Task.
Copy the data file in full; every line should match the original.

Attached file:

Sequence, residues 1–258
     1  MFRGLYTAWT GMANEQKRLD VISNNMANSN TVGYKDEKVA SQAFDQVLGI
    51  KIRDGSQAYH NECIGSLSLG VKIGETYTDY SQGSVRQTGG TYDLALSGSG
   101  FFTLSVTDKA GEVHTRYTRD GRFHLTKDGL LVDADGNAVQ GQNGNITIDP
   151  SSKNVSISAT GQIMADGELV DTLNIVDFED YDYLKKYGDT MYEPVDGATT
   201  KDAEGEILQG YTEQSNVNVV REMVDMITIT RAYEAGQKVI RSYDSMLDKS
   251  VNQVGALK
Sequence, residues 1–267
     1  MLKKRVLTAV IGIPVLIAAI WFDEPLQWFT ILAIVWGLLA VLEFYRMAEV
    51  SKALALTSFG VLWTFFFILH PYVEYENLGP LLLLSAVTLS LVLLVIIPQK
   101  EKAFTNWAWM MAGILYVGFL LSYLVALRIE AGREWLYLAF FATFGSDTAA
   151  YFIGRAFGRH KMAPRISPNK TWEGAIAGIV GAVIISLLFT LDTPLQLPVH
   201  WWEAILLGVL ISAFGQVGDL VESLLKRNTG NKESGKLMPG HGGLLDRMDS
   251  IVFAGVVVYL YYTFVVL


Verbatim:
Sequence, residues 1–258
     1  MFRGLYTAWT GMANEQKRLD VISNNMANSN TVGYKDEKVA SQAFDQVLGI
    51  KIRDGSQAYH NECIGSLSLG VKIGETYTDY SQGSVRQTGG TYDLALSGSG
   101  FFTLSVTDKA GEVHTRYTRD GRFHLTKDGL LVDADGNAVQ GQNGNITIDP
   151  SSKNVSISAT GQIMADGELV DTLNIVDFED YDYLKKYGDT MYEPVDGATT
   201  KDAEGEILQG YTEQSNVNVV REMVDMITIT RAYEAGQKVI RSYDSMLDKS
   251  VNQVGALK
Sequence, residues 1–267
     1  MLKKRVLTAV IGIPVLIAAI WFDEPLQWFT ILAIVWGLLA VLEFYRMAEV
    51  SKALALTSFG VLWTFFFILH PYVEYENLGP LLLLSAVTLS LVLLVIIPQK
   101  EKAFTNWAWM MAGILYVGFL LSYLVALRIE AGREWLYLAF FATFGSDTAA
   151  YFIGRAFGRH KMAPRISPNK TWEGAIAGIV GAVIISLLFT LDTPLQLPVH
   201  WWEAILLGVL ISAFGQVGDL VESLLKRNTG NKESGKLMPG HGGLLDRMDS
   251  IVFAGVVVYL YYTFVVL